by David Phelps
“Do not wait for leaders; do it alone, person to person.” - Mother Teresa
You might recall that I wrote last year that there’s a new house being built across the street from ours (“Person-2-Person,” June, 2003). At this point, the house is nearly finished, although there’s nobody living there yet. My wife, Charlotte, our daughter, Monica, and I don’t understand what the people are thinking. It’s a brick house but they painted the bricks. Since natural brick looks so nice, I’ll never understand why anyone would paint brick, especially on a brand new house. At first, they painted the house gray, which looked a bit odd although it wasn’t too bad. But then we realized the gray was just primer and not the final color. The next thing we knew, they had painted that lovely brick house green; and not just any green but an awful, army-tank-that’s-been-left-out-in-the-sun, grayish olive green. Then they added tan trim, which really made the place look dreadful.
Perhaps the people who painted the brick house wanted to make it look “better” or look like something other than brick. They weren’t willing to “leave well enough alone.” But, as is frequently the case when we try to “improve” something, the result wasn’t nearly as good as they might have hoped. And no matter how many coats of paint they put on it, the house will still be brick.
Jesus compared the teachers of the law and the Pharisees to “. . . whitewashed tombs, which look beautiful on the outside but on the inside are full of dead men's bones and everything unclean.” (Matt. 23:27b NIV). They made sure they appeared righteous on the outside where people could see them, but in their hearts, where God could see, they were corrupted by sin. A “whitewashed tomb” is a horrible, ghastly image that makes it very plain what they were like and what Jesus thought of them. They carefully observed all the minutiae of the law, like washing cups and dishes before eating from them, and giving the proper offerings, but they “. . . neglected the more important matters of the law–justice, mercy and faithfulness.” (Matt. 23:23b NIV).
Unfortunately for us, we’re not all that different from the people Jesus chastised. When we try to “improve” ourselves on our own, we frequently concentrate on changing things on the outside–observing rules and “laws” of our own making–while we ignore “justice, mercy and faithfulness,” the things that really please God. As a result, we become “whitewashed tombs” just like they did. We cannot make ourselves righteous, nor can we cleanse ourselves from the corruption of sin, any more than they could. Only the blood of Christ can do that for us (Heb. 9:14; 1 Pet. 1:18-19).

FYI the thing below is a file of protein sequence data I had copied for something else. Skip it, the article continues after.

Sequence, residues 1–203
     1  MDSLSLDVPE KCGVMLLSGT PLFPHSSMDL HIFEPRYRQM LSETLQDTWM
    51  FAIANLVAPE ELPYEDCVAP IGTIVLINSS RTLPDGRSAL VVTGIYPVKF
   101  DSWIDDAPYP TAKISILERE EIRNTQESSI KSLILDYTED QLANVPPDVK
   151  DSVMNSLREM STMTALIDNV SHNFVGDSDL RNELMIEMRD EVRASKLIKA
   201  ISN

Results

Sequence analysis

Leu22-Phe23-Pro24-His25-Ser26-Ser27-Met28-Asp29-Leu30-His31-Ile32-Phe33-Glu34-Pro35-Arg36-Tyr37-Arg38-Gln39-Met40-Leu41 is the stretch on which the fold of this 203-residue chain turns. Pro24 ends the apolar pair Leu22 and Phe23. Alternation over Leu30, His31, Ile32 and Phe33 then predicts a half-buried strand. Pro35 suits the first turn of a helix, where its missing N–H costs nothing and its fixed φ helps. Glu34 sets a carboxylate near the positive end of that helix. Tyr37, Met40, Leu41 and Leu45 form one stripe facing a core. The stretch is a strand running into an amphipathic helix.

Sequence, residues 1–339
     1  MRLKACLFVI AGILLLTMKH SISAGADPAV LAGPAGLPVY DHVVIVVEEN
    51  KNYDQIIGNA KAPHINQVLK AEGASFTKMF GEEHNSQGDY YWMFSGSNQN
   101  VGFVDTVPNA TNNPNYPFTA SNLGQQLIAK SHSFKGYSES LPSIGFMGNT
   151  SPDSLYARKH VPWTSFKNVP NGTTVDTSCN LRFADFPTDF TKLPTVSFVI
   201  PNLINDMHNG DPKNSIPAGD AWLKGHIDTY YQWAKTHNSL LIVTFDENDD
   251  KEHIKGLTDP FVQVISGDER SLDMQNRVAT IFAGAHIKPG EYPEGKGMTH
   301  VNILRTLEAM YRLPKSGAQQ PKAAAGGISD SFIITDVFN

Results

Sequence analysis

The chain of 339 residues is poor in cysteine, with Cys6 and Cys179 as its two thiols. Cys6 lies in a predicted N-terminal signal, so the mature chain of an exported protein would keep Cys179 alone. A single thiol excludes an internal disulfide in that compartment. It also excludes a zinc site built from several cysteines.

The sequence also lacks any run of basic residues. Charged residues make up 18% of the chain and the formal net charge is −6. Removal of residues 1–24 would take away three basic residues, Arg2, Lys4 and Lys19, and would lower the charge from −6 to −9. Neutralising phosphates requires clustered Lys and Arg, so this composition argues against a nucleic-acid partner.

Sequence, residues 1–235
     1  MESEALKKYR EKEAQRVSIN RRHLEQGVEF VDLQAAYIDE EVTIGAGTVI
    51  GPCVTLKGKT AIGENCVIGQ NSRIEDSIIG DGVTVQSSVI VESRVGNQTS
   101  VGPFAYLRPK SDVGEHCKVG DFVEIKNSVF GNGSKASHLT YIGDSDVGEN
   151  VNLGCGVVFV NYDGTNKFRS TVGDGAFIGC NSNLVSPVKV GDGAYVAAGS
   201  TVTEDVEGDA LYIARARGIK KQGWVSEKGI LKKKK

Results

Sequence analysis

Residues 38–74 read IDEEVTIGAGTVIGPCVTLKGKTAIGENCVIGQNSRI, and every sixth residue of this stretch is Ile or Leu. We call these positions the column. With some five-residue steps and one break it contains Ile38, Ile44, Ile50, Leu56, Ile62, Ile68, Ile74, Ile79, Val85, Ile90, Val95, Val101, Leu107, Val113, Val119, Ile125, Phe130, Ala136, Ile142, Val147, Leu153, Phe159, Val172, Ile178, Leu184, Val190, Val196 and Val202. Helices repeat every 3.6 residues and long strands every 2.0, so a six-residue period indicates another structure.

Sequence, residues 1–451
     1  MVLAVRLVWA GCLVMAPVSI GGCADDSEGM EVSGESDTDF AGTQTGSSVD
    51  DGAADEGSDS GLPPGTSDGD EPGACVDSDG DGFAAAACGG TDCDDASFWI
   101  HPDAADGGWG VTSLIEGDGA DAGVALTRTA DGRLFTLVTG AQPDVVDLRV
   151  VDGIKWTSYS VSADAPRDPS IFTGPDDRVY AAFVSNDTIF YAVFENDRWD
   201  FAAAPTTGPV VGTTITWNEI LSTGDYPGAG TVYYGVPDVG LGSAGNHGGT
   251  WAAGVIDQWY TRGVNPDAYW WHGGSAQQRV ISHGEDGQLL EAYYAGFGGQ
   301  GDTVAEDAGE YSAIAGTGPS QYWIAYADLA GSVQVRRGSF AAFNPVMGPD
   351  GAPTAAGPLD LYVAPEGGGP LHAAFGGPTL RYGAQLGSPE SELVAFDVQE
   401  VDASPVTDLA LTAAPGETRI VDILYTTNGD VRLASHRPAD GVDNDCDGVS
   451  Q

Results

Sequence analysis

Only God can cleanse us from our sin, and give us a pure heart and a steadfast spirit (Psa. 51). Only then can we present to God “. . . a broken spirit; a broken and contrite heart,” (Psa. 51:17b NIV). The author of Proverbs wrote, “Who can say, ‘I have kept my heart pure; I am clean and without sin’?” (Prov. 20:9 NIV). Paul would echo this sentiment in Christian times when he wrote to the church in Rome, “There is no difference, for all have sinned and fall short of the glory of God, . . .” (Rom. 3:22b-23 NIV). None of us has a clean, pure heart. We all fall short of God’s perfect glory. But then Paul continued, in the very next verse, “. . . and are justified freely by his grace through the redemption that came by Christ Jesus.” (Rom. 3:24 NIV).
Pray to God today that you “. . . will teach transgressors your ways, and sinners will turn back to you.” (Psa. 51:13b NIV). All have sinned. All are unclean. But all can be cleansed. You can be cleansed. I can be cleansed. Even people who paint brick houses ugly shades of green can be cleansed! God’s grace is there for you, for me, and for all.
“‘Woe to you, teachers of the law and Pharisees, you hypocrites! You clean the outside of the cup and dish, but inside they are full of greed and self-indulgence. Blind Pharisee! First clean the inside of the cup and dish, and then the outside also will be clean.
“‘Woe to you, teachers of the law and Pharisees, you hypocrites! You are like whitewashed tombs, which look beautiful on the outside but on the inside are full of dead men's bones and everything unclean. In the same way, on the outside you appear to people as righteous but on the inside you are full of hypocrisy and wickedness.’” (Matt. 23:25-28 NIV).